OC's 30-year-old independent study program growing popular for families looking for non-traditional ways of distance learning

It appears what's old is new again, with the independent study program's office receiving about 150 inquiry calls in just three days last week.
TUSTIN, Calif. (KABC) -- Machele Kilgore is a distance learning veteran. The principal and administrator helped start the independent study program in Orange County three decades ago, and finds herself answering a lot of questions for families looking for something non-traditional.

"We are a public school through the Orange County Department of Education, so we're one option that families have that has been around for about 30 years, so we do have a bit of experience with the distance learning, independent study approach," said Kilgore.

It appears what's old is new again, with her office receiving about 150 inquiry calls in just three days last week. For grades TK through 8th, there's the Community Home Education Program - or CHEP, which is basically state-funded home school tied to the county's education department.

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"We provide credentialed teachers and we provide on-campus classes and electives. We provide all the curriculum. We have a super active PTO, so there's a lot of events," she said.

In CHEP, the parents take the lead role in their child's education.

Then there's Pacific Coast High School, which blends independent study and a traditional school, feeling more like a mini community college.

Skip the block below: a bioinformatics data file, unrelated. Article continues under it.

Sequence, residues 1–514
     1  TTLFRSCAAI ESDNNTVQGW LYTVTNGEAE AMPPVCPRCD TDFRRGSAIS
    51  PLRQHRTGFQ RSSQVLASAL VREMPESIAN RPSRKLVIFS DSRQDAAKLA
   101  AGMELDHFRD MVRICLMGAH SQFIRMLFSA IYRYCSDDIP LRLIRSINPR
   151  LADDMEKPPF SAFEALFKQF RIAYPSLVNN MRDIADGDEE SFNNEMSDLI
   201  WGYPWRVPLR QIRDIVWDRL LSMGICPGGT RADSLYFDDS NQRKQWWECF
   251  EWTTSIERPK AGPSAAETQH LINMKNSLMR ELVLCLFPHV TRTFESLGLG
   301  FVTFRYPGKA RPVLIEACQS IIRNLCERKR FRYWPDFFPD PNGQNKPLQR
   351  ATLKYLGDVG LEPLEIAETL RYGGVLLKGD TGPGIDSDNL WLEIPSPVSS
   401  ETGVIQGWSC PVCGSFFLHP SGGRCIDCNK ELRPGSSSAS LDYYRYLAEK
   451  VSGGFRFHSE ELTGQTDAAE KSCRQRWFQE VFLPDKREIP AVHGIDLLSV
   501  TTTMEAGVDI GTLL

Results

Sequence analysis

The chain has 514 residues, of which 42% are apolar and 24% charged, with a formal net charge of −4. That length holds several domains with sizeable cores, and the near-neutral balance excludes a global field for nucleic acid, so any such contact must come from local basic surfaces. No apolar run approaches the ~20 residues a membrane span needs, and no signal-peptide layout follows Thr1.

"So we have actors, athletes, musicians, I say medically fragile, students who don't enjoy the social scene of high school, students who want to graduate early, students who want to attend community college concurrently. There's just a variety of support we've offered for a variety of different needs," said Kilgore.

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Students have been able to choose classes in person or do it completely online. For now, it'll all be online, which is why Kilgore is busy preparing these to-go learning bags.

"All the materials that students would need, we're just checking out to them. So they'll come, they'll drive through, they'll check out the material that they'll need and they'll still have their classes," she said.

Since both programs are considered public schools, the resources and supplies are free. With so many options these days, Kilgore urges parents to look into what will work best.

"Looking at what your personal family's needs and hopes are for your students and then seeing what fits because there's a lot out there, there's a lot of options now, which makes me really happy," said Kilgore.

For more information go to OCDE.us and search for community home education program or Pacific Coast High School.

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